The bombard is the most representative instrument of Brittany.
Some 15th century religious sculptures and paintings depict the
bombard as the instrument of the devil.
Where is the bombard mainly played?
The bombard is normally used in Breton bands or in duos to accompany
the bagpipe but it has also been used in some orchestral works
and in concerts with the organ on account of its tone and musical
The bombard, or rather its cousin, is found in Eastern Europe,
Asia and North Africa. At the time of its conception, the bombard
was a diatonic instrument (having only tones and semi-tones in
contrast with chromatic instruments that enable the same note
to be played as a natural, or with a sharp or flat). The bombard
was based on either a major or a minor scale. Up until the Middle
Ages, a bombard was a rustic oboe comprised of a cylindrical tube
in which open sound holes were drilled without keys. Later, the
oboe appeared with a key concealed in the "bell", where the lower
part of the tube widened into a cone shape with two holes. This
was in Mozart's time.
Bombards with unconcealed keys are more rustic in comparison
to modern bombards. The bombard was played as a solo instrument
and was very popular under the "Ancien régime". Some people carried
a bombard in their pocket when leaving church and let it be seen
although they did not play it. The bombard is a very old instrument
that can be found in various forms in many countries. Instruments
of various sizes in the bombard family were used for serious music
up until the end of the 17th century. The bombard has long been
very popular in Brittany where it is almost always associated
with the "biniou kozh" or bagpipe with which it plays
A variety of musical styles may be played on the bombard. As
this instrument is typically Breton, pieces can be found for "bagadou"
(marching bands) or "festou noz" (traditional Breton
"bagadou" was established, the traditional horn blowers
from Lower Brittany played in duos (bombard and "biniou-bihan"
or small bagpipes) or in trios (bombard, bagpipes and drums).The bombard is hardly ever played on its own. It plays an octave below the bagpipe.
Playing the bombard
Obtaining a sound
To obtain a note, the bombard player blows into a double reed and then modulates the sound by stopping the various holes in the body of the bombard. The bell then amplifies the sound, which is LOUD.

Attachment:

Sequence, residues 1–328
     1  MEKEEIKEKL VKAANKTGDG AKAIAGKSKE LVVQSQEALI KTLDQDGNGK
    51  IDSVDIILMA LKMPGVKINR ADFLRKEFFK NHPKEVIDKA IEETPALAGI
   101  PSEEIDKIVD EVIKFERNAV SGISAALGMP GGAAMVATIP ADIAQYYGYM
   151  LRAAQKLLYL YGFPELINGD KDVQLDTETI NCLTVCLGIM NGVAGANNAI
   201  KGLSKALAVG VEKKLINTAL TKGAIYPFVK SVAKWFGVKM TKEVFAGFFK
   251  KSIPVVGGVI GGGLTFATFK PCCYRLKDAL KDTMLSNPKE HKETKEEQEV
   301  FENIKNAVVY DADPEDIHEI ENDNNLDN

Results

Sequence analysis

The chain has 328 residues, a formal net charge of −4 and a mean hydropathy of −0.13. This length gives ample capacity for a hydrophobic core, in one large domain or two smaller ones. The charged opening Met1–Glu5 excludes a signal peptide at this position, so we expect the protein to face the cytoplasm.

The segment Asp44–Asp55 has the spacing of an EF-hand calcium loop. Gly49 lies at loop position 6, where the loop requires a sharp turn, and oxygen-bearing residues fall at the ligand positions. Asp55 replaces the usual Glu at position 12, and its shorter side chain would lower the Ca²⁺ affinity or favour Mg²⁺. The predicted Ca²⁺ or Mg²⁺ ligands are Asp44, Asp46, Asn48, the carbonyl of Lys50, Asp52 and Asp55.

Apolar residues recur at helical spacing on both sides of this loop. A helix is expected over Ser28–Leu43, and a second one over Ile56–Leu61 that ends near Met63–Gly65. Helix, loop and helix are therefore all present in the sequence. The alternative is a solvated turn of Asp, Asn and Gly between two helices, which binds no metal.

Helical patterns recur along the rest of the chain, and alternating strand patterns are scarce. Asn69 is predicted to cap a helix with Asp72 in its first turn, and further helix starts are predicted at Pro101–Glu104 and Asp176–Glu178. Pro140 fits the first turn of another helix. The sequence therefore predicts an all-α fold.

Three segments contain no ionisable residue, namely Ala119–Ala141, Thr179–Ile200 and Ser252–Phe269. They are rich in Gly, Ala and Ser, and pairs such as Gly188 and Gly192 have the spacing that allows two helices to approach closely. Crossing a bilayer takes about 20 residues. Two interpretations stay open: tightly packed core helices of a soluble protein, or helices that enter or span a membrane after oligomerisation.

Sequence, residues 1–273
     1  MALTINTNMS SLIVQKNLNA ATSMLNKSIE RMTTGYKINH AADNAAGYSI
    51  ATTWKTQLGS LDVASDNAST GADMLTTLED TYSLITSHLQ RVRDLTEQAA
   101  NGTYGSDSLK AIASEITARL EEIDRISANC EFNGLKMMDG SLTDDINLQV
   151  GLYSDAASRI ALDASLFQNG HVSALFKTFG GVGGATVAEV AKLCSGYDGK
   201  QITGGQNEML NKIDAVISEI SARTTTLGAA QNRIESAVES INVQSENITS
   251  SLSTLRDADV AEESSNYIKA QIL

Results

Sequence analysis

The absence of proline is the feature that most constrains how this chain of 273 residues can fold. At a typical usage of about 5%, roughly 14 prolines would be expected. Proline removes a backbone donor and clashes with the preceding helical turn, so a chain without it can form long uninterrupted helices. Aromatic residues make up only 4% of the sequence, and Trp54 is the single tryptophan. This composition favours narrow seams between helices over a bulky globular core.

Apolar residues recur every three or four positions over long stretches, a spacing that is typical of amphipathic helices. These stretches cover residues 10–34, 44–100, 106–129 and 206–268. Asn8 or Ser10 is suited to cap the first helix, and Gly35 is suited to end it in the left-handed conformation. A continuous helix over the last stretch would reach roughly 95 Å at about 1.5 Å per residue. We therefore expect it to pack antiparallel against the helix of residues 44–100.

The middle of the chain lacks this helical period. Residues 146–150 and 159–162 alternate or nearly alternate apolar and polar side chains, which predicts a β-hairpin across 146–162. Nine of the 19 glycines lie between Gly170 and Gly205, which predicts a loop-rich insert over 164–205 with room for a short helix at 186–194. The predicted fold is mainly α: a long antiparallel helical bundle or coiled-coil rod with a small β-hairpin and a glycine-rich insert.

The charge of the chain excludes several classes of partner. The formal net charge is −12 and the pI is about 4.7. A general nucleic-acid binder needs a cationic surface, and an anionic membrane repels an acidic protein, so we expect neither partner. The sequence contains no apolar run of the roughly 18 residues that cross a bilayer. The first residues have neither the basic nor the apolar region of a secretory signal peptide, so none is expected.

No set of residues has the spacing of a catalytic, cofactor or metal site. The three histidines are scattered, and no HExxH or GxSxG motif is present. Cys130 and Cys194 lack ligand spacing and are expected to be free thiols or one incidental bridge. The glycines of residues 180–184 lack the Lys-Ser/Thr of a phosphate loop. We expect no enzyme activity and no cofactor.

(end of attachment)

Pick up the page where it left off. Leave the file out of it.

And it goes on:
Bombard players are called "talabarder" (in Breton,
the talabard is a bombard) and never play on their own. Since
playing the bombard takes a great deal of physical effort, some
rest time is necessary. That is why the bombard is traditionally
accompanied by bagpipes or other bombards. Playing the bombard
requires strong lungs. The main difficulties with the bombard
are associated with playing staccato notes as well as notes in
the second octave. To do this, it is necessary to blow even harder
and squeeze the lips tighter. The way the reed is squeezed plays
a large role in the quality of the sound that is produced.
The body of a bombard is usually made of ebony, yew, cherry or acacia. The key on the outer part of the body enables the player to produce tonic notes. The reed is inserted in the narrowest end of the body and it is this that produces vibrations. The body amplifies the vibrations and, depending on the number of holes that are stopped, changes the pitch. The body is sometimes made in two pieces bound together with brass or horn rings. It is thus easier to turn during its manufacture. The bell is fitted at the other end of the body.
The mouthpiece is made of two strips of reed or yew secured in a metal tube with cork glued on the end so as to help keep the reed in the body of the bombard. Contact between the cork and the wood must be perfect to prevent air turbulence from altering the sound.
The reed is not always considered an integral part of the instrument since it is changed regularly without making any particular change to the sound.
The bombard has a simple design and is made from wood, although
not necessarily from Breton species: yew and pear. Now it is made
mainly from ebony, a very hard black wood, which is used a great
deal by violin makers.